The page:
Deforestation, caused by human activity, is increasing in the Brazilian Amazon. Photo: Mario Tama/Getty

The other COP: the plan to save the world’s biodiversity

COP14 opens this week, but these global talks aren't about climate change. Parties to the Global Convention on Biodiversity are meeting in Egypt to prepare for a potential landmark biodiversity deal in two years time.

Deforestation, caused by human activity, is increasing in the Brazilian Amazon. Photo: Mario Tama/Getty

The other COP: the plan to save the world’s biodiversity

COP14 opens this week, but these global talks aren't about climate change. Parties to the Global Convention on Biodiversity are meeting in Egypt to prepare for a potential landmark biodiversity deal in two years time.

Deforestation, caused by human activity, is increasing in the Brazilian Amazon. Photo: Mario Tama/Getty

If you’re interested in climate change, you will almost certainly know about COP.

You’ll recognise the Conference of the Parties (COP) as the name given to the set of annual conferences negotiating global efforts to tackle the escalating climate change crisis. In a few weeks, COP24 will begin in Poland, with the aim of creating a rule book for the implementation of the landmark Paris deal agreed at COP21.

But there’s another set of COPs, which are tackling a different (but related) impending global ecological crisis. And we’re talking about this far less.

This week COP14 talks open in Sharm El-Sheikh, Egypt to discuss the Convention on Biological Diversity (CBD).

What’s at stake?

Essentially, all forms of life in all its diversity – and the resources that human society receives from them.

Or in the words of the CBD’s executive secretary Cristiana Pasca Palmer, “the essential infrastructure that supports life on Earth and human development.”

So, not much then. 

“Biodiversity loss represents one of humanity’s greatest challenges,” Palmer told Unearthed.

“Yet the loss of biodiversity and the destruction of ecosystems continue at unprecedented rates mainly due to habitat loss, climate, invasive alien species and pollution. The science is very clear on this.”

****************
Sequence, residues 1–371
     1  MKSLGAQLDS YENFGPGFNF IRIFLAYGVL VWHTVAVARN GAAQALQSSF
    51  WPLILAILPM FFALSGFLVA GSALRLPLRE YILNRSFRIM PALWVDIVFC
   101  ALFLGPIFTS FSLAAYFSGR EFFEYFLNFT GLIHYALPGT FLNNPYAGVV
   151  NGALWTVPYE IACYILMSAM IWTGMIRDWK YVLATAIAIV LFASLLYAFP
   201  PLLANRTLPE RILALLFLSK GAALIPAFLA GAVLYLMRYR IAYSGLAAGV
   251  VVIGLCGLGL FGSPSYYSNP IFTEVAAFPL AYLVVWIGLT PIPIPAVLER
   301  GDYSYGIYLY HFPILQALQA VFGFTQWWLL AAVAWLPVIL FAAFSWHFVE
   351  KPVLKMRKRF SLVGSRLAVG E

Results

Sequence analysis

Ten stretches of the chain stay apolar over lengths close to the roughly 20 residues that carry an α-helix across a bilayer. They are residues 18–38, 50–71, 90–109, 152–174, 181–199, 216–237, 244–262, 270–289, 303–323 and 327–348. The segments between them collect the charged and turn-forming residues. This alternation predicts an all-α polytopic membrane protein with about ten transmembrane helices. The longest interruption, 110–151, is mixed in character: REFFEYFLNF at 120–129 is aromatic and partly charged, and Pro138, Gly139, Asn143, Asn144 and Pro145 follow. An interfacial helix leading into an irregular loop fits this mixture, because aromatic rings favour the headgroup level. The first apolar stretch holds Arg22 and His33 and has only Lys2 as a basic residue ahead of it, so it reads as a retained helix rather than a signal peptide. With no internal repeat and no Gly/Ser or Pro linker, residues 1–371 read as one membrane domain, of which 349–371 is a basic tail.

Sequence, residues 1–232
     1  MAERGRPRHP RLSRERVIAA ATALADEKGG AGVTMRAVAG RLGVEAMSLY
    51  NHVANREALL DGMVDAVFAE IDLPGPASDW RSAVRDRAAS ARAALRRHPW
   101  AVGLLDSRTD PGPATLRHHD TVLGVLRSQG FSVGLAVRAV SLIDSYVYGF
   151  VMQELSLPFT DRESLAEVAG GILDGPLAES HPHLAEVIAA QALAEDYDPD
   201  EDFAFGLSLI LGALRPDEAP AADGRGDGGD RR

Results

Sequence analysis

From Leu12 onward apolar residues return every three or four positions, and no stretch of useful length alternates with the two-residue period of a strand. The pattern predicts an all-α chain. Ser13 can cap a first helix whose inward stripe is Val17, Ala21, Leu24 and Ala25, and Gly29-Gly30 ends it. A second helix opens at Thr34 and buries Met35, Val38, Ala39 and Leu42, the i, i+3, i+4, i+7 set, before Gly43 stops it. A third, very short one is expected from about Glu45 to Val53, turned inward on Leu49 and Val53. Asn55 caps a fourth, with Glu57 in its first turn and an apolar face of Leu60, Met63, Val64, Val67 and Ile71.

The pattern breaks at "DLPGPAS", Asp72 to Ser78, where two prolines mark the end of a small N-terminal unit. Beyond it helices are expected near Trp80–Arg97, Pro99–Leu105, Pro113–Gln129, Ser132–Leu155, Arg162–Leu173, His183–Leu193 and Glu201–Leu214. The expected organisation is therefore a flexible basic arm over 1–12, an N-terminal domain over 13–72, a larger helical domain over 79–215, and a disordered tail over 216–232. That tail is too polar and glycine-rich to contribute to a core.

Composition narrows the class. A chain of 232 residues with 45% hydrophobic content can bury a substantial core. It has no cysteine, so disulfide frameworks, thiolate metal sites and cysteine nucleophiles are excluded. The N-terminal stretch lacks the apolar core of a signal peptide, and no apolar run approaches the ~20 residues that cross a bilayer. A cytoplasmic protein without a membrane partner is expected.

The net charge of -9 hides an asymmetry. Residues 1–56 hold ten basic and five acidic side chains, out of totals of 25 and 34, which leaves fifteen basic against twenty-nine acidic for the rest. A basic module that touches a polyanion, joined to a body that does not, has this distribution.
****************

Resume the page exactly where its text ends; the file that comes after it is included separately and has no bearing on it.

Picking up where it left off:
Sound familiar?

But while the challenge to stem the loss of biodiversity has echoes of the climate change movement, the issue can seem far more disparate; more of a mish-mash of multiple interconnected problems.

It’s the widespread disappearance of insects that are an essential food source for animals and perform a crucial role in human food production. It’s the mass bleaching of coral reefs that support fisheries and protect coastal communities from storms. It’s the permanent destruction of forests and trees that soak up carbon emissions and toxic air pollution.

The CBD has three aims: to conserve biodiversity, to ensure the resources that it provides are used sustainably and to see that the value of its genetics – used to produce food, fuel or medicines – are shared fairly.

Aerial views of the Great Barrier Reef from Cairns, Australia. Reefs are facing extinction within a few decades. Photo: Phil Walter/Getty

Is the biodiversity COP similar to the climate COP?

In many ways, yes.

The CBD is not dissimilar to the United Nations Framework Convention on Climate Change (UNFCCC). Both are international treaties that emerged from Rio de Janeiro’s landmark Earth summit in 1992. Both have signatories from 196 nations, although the US has never ratified the CBD.

Since 2012, the CBD has been supported by the Intergovernmental Science-Policy Platform on Biodiversity and Ecosystem Services (IPBES), an independent, international body that provides scientific assessments about the state of the planet’s ecosystems and their benefits for people. In many ways then, IPBES is the equivalent of the IPCC.

Next spring IPBES will launch its first global assessment about the state of global ecosystems, progress towards current targets to address their decline and the policy options available to remedy the crisis.

One key difference is that while the climate COPs take place every year, the biodiversity conferences happen once every two years.

They are also met with far less interest from politicians and the media, and so generally face much less controversy.

“It’s a bit smaller and there is a collaborative atmosphere,” says Georgina Chandler, RSPB’s international policy officer, who is attending this year.

“NGOs get good access to the discussions and are allowed inside parts of the negotiations that you wouldn’t necessarily be at the UNFCCC. Indigenous people and local communities are given a high profile within the Convention too.”  

So is there going to be something like the Paris deal?

That’s the general idea. COP14 is the last global meeting before 2020’s conference in Beijing, where delegates hope nations will strike a landmark deal with a globally recognised target, like the climate targets in the Paris agreement to limit temperature rise to 1.5 or well below 2C of warming.

But finding a target for biodiversity is trickier, because unlike emissions, there isn’t one obvious measure of biodiversity loss – or gain.

One contender is put a certain proportion of the Earth’s land and sea under protection – some say these areas should cover half of the land’s surface.

A more likely target might be 30%.

The UK recently backed calls to protect 30% of the world’s oceans. A similar target to protect land is being mooted, but it would face the challenge of land rights and ownership, so would be much more controversial.

But what does protection mean? What is land or sea protected for, and from what, or for whom? For example, in theory large areas of the UK are protected because they are designated National Parks, but these areas can also be some of the most heavily grazed in the country.